7.1 Human Diseases
1. Categorize diseases by causation
Readings: 18:467-476, 2: 41-46, 3: 66-69 and
PDF files in Learning Module 7 “Historical Intro to Disease” and “History of the Flu”
Reminder: Reading Quiz #7 has been reopened and will be due before class Wed Oct 21st
Disease – abnormal condition(s) of an organism that impair normal bodily functions. Diseases can
be caused by external or internal factors
Toxins egs. 2nd hand smoke (cancer), heavy metals eg. lead (poisoning)
1. Microbes (pathogens) =disease causing organisms
a) Viruses egs. SARs, West Nile, AIDS, smallpox, polio
b) Bacteria egs. bird flu, cholera, plague, TB
c) Protists egs. malaria, Lyme disease, dysentery
2. Prions (infectious proteins) eg. mad cow disease
1. Poor nutrition egs. rickets, scurvy, spina bifida,
2. Genetic conditions egs. Huntington’s, Muscular dystrophy, some forms of cancer
Although a number of pathogens
have likely been with us through our
evolutionary history a great change
occurred in the makeup of human
disease 8 to 10 000 years ago as
humans made the switch from being
hunter-gatherers to farmers
1. We domesticated animals as livestock and pets. This led to animal to human disease transmission
Eg. Rabies, influenza
2. We began domesticating and cultivating plants for food crops
Both actions changed our diet and had a big effect on type and diversity of human diseases eg. ergot in
grain St. Elmo’s Fire, Food storage ailments eg. Salmonella spp.,
3. Increases in human population size led to diseases whose success depends on direct person to person
transmission. QUESTION 1: What might be some examples of these type of diseases?
a. stomach ulcers
d. b and c
e. all of the above
Other Examples: MRSA, Mono, The common cold, H1N1, SARS, SDIs, smallpox, any flu
4. The build up of human and animal wastes led to contaminated water/environment. This brought humans
(and sometimes our animals) in contact with a new array of pathogens including both bacteria and eukaryotic
Egs. Cholera, typhoid fever, dysentery, tapeworms
5. We made profound changes to the natural environment and this favoured some pathogens For example,
slash and burn agriculture (deforestation) increased the number of breeding spots for mosquitoes carrying
BIG QUESTION 2: From your study of biology so far what would say is the “prime directive” of all living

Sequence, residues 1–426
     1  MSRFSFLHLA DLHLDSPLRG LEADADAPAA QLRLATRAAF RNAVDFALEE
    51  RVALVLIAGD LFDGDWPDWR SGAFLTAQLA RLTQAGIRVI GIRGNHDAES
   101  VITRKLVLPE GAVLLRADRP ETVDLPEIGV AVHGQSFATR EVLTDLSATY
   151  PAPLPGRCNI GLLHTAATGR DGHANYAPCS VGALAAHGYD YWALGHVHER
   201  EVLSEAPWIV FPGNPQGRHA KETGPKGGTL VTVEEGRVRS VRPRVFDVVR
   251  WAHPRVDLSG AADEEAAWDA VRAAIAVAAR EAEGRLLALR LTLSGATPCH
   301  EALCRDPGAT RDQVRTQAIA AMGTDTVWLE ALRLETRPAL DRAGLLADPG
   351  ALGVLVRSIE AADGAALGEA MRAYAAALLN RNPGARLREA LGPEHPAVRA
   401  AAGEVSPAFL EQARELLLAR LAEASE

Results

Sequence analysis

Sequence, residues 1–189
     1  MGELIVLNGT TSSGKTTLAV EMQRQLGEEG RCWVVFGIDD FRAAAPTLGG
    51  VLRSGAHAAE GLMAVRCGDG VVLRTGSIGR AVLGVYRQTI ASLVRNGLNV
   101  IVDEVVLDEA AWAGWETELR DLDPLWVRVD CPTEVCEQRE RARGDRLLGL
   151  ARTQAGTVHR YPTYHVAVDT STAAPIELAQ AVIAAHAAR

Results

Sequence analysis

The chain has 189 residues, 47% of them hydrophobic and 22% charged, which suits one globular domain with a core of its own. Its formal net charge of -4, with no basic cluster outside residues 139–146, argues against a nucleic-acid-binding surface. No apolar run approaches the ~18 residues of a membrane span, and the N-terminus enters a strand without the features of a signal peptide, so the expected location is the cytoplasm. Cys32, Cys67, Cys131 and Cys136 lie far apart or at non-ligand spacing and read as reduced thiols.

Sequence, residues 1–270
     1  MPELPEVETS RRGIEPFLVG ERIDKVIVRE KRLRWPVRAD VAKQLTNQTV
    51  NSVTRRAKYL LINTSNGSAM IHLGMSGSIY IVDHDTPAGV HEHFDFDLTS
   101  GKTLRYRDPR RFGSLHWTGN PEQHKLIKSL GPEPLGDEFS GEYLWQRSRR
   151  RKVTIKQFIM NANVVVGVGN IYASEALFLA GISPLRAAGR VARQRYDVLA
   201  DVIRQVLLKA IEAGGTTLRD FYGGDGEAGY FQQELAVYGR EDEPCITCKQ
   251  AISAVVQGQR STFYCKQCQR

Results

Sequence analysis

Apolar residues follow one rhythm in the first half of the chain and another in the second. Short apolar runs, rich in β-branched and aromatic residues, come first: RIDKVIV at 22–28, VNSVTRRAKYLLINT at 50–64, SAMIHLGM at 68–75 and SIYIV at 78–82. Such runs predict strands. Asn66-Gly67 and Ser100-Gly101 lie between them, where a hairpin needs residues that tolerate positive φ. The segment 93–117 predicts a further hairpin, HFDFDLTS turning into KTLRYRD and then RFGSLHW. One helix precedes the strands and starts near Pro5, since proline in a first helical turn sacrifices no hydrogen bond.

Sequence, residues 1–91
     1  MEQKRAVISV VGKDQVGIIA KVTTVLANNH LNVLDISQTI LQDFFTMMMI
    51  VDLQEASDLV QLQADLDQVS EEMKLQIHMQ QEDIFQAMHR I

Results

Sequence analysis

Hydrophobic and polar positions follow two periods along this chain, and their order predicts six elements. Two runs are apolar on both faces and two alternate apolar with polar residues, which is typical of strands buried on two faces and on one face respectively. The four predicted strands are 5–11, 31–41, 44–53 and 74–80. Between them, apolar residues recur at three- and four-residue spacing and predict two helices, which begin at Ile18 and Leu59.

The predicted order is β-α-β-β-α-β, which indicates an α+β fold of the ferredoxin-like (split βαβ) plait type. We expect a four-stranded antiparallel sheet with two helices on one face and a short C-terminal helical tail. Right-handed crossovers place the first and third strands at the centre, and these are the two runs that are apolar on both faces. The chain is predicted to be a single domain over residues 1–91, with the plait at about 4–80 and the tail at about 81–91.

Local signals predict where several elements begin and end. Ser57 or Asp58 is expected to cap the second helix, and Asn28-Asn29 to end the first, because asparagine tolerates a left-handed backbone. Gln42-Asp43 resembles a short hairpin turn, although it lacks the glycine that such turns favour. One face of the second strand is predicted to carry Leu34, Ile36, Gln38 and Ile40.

organisms? (What do all organisms do while they are alive?)
a. Find a suitable habitat in which to live and grow
b. Acquire energy for their metabolic needs
d. A and c
e. All of the above
Most pathogens are alive. (Question 3: Which ones are not considered to be alive?)
As living organisms, pathogens also follow this prime directive.
Habitat = whatever organism they infect mostly get energy from organism they infected so they can grow and
reproduce. While doing this, many pathogens produce toxins which can make the host ill.
We will focus on the Biology of infectious diseases in this unit. Above are listed some major causes of
infectious diseases through the development of human society. New diseases continue to emerge.
QUESTIONS 4: What are some of the necessary conditions for the spread of new
disease-causing organisms such as HIV, SARS or swine flu.
5. Where do new diseases often originate?
6. How do diseases become more lethal or more infectious?
7. How do pathogens spread to uninfected organisms?
8. How do pathogens evade immediate destruction by the host’s immune system?
Historical disease treatment
Causes of ailments Treatments Water (phlegm) Air (blood)
Cold + wet Hot + wet
Displeased gods Sacrifices to gods
Eg in China smallpox goddess, gourds
hung New Years Eve to get infected
Evil spirits, sorcery Shamanic healing (village healer),
trephination (=drilling a hole in the skull
to let out the evil spirits)
Imbalance of the 4 Blood-letting
humours Herbal medicine Earth (black bile) Fire (yellow bile)
Cold + dry Hot + dry
Commonly used herbal remedies that you know:
Notes of caution:
The purity and concentration of herbal supplements is not regulated
Some herbal remedies can be toxic…eg ephedra (ma huang) taken as a decongestant and a weight loss
supplement: cases of heart attack, stroke, seizures
Research into the usefulness of traditional remedies is ongoing.
Taxol is an effective drug in treating many cancers
because it inhibits cell division. Taxol has some adverse
side effects for eg. it can adversely affect liver function.
Taxus brevifolia – Pacific Western Yew